If Tesla stock was an airplane, it would have left Earth’s atmosphere sometime this spring. By June, that aircraft — let’s call it the Model P — would have been within striking distance of Mars. Indeed, Tesla investors made out like bandits as the company’s shares soared and its market cap sailed past that of Ford and General Motors, making it the most valuable domestic automaker.

For a while, it seemed nothing could stop Tesla’s meteoric rise. Not labor strife, not worries about the Model 3’s production timeline, not a cracked A-pillar on a freshly delivered Model S, not Model X doors trapping people inside a burning vehicle, not allegations of subpar working conditions, nothing. Tesla may as well have tried buying the rights to the word Teflon.

Well, CEO Elon Musk said it best himself in May. The company’s market valuation was “higher than we have any right to deserve,” he told The Guardian, a month before Tesla shares rose to a record $383.45. As the saying goes, “What goes up…” Read More >

By on July 3, 2017

tesla-model-3

Production of the Model 3 is set to begin two weeks ahead of schedule, according to Tesla Motors chief executive and second most famous Twitter user in America, Elon Musk. While that news would probably be more exciting if we had ever been given a definitive timeline for the vehicle, the CEO claims it should equate to the very first car rolling off the assembly line by the end of this week.

“Model 3 passed all regulatory requirements for production two weeks ahead of schedule. Expecting to complete SN1 on Friday,” Musk tweeted late last night, causing half a million Tesla fans to engage in a collective round of giddy, high-pitched squealing. However, the most enthralled members of the company’s rabid fan base are likely to be the 30 people who get to wrap their quivering digits around the steering wheel of their very own Model 3 before the end of July.  Read More >

By on June 29, 2017

2016 BMW 330e iPerformance - Image: BMWBMW intends to unveil an all-electric 3 Series at the Munich Auto Show in September, according to German business newspaper Handelsblatt.

Will BMW report the intake of hundreds of thousands of $1,000 deposits for an all-electric, next-generation BMW 3 Series? Probably not.

But which car are you more likely to purchase: a 3 Series EV from long-heralded BMW with roughly 250 miles of range, or the much-hyped, oft-discussed Model 3 from nascent Tesla, production of which should be in full swing by the time the 3 Series EV appears?

This may be the next Mustang vs. Camaro, a quasi Accord vs. Camry battle to end all Accord vs. Camry battles, an F-150 vs. Silverado skirmish without the 87 octane. Read More >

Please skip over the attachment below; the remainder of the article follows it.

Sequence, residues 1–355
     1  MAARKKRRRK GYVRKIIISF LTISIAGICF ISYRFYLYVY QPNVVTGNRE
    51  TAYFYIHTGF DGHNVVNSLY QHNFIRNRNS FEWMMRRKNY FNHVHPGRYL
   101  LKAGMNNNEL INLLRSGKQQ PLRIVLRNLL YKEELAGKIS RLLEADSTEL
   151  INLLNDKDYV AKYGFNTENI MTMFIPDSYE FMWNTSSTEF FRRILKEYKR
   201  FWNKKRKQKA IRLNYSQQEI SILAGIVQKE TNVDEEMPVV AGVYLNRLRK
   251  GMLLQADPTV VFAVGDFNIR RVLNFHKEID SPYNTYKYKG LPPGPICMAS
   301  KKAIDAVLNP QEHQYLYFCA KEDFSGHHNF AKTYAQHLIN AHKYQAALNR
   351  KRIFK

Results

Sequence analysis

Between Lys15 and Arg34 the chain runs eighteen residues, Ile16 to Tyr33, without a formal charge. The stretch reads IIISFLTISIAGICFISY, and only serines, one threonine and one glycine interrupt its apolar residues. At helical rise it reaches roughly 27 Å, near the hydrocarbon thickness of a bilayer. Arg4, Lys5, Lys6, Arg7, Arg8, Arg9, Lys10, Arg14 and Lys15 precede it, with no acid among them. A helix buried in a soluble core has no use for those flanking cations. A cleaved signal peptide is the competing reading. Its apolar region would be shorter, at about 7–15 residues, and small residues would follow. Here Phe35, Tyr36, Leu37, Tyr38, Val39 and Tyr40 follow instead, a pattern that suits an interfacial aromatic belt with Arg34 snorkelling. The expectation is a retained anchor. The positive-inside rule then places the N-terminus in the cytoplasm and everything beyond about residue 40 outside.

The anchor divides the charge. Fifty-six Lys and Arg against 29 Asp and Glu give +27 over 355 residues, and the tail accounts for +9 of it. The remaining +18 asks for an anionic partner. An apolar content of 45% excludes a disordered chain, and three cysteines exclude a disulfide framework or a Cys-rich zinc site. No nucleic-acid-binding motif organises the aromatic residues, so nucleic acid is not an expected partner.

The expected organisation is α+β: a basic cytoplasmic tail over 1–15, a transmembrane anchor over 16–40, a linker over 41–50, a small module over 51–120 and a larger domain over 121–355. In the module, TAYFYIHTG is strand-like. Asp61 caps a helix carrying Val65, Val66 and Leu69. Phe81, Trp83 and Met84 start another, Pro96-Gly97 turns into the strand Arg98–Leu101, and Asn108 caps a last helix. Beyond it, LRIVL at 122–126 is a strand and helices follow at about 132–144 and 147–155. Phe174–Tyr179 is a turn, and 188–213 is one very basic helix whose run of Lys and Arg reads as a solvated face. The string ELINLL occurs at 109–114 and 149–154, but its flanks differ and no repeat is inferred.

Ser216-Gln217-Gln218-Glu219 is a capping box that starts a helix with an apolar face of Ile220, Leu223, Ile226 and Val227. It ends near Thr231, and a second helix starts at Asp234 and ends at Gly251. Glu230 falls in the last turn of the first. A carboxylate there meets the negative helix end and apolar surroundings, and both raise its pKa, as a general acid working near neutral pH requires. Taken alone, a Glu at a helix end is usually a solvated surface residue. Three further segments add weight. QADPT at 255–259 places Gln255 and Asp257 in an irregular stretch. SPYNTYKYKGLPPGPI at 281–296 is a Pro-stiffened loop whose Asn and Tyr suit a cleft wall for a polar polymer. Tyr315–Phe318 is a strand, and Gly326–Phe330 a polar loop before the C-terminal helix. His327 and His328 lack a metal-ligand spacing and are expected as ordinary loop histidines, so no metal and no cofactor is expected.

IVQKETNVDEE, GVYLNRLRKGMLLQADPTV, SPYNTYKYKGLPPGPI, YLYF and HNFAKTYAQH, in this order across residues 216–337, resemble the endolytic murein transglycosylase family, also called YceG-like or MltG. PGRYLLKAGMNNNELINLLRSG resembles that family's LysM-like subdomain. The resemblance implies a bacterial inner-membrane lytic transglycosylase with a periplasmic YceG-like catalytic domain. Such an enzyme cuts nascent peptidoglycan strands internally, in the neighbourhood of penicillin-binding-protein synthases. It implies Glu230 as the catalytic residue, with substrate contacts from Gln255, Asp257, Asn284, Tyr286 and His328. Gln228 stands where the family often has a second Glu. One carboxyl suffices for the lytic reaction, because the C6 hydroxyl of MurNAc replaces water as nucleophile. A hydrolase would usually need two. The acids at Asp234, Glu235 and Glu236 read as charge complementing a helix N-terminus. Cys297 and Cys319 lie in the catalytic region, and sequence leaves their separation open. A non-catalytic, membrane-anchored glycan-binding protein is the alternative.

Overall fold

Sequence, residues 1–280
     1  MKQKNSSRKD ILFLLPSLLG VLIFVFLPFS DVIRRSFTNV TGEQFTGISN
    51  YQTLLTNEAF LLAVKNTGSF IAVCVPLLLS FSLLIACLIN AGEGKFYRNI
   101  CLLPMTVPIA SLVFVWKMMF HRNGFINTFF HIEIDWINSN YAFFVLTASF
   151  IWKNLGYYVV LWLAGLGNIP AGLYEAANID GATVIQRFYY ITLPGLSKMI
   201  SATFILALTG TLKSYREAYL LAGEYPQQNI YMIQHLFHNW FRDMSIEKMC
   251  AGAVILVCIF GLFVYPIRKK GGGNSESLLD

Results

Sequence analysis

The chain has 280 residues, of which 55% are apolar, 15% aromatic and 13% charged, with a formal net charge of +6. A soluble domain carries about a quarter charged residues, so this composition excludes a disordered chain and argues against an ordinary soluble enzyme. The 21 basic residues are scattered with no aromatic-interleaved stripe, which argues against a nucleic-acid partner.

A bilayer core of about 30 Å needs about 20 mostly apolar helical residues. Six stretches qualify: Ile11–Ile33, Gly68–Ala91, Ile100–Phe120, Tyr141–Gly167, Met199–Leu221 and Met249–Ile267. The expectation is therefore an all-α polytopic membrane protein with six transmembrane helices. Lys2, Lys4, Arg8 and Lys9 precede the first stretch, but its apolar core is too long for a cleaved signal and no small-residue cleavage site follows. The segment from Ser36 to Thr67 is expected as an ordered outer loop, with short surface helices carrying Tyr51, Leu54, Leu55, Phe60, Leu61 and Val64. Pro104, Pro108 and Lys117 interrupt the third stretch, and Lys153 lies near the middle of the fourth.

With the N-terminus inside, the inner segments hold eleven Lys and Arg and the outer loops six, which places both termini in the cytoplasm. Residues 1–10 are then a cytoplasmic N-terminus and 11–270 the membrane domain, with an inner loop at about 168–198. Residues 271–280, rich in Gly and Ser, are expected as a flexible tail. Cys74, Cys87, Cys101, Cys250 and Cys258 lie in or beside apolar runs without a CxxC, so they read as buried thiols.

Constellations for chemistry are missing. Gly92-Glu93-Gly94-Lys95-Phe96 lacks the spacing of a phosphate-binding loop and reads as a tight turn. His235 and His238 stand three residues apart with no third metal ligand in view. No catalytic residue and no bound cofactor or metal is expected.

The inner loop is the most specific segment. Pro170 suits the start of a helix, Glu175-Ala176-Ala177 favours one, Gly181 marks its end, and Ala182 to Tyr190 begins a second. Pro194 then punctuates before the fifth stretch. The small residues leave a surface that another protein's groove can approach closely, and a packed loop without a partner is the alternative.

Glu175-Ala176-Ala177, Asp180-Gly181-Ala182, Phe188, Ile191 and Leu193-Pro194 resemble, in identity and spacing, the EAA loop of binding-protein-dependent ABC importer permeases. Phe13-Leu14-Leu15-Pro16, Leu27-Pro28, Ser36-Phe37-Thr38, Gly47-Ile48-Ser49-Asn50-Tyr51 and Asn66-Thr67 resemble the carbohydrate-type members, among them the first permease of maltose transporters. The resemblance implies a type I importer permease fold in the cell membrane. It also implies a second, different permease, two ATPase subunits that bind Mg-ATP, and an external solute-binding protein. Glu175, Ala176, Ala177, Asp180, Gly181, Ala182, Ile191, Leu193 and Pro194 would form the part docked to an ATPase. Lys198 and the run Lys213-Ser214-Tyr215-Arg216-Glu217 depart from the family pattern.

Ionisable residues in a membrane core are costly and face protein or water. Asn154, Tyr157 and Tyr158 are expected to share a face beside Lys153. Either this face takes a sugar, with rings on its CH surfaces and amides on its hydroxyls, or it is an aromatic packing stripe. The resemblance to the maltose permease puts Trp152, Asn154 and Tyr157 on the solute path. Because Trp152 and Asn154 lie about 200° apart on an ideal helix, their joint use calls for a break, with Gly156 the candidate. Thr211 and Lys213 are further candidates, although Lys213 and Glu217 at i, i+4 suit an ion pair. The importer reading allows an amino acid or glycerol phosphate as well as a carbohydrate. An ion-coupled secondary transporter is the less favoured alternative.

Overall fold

By on June 24, 2017

2016 Tesla Model S, Image: Tesla

One Tesla owner got a big shock yesterday as his accelerator pedal snapped off while driving.

The story comes from user benjiejr on the Tesla Motor Club forum. He was showing off his Model S P85D to a friend and his nephew. After going through the car’s features it was time to show off the massive acceleration of the P85D’s twin electric motors and 503 horsepower.

“I turned around and was going to do another launch, but this time without Launch Mode – just stomp on the pedal – like I do most often. When I punched it, the accelerator pedal broke off.”

Read More >

By on June 9, 2017

tesla model x, Image: Tesla Motors

A horrible situation transpired in Midtown Detroit yesterday evening, in which the driver of an old Chevrolet Silverado pickup crossed the center line on Canfield Avenue, near Second Street, and struck four people standing outside the Shinola store.

According to the latest reports, a 73-year-old man has died, while two others remain in hospital in serious condition. The 42-year-old driver, who has reportedly never held a license in his life and was driving with illegal plates, was arrested at the scene. He told police he had taken two Ecstacy pills, Xanax, and officers also suspect he was under the influence of alcohol.

An unidentified passenger riding in the truck told media he didn’t know why the driver crossed the line, adding that he tried to stop the vehicle by jamming the gearshift lever into “park.”

What makes this story different from the many instances of innocent bystanders being injured by passenger cars not being where they’re supposed to be (not to mention criminally irresponsible behavior on the part of vehicle operators) is the location of the crash, and the reason those pedestrians were standing along Canfield.

It was a Tesla pop-up event. And those bystanders were looking at Tesla vehicles near a mobile design studio. As early reports filtered out, some decided to take speculation to new heights. Read More >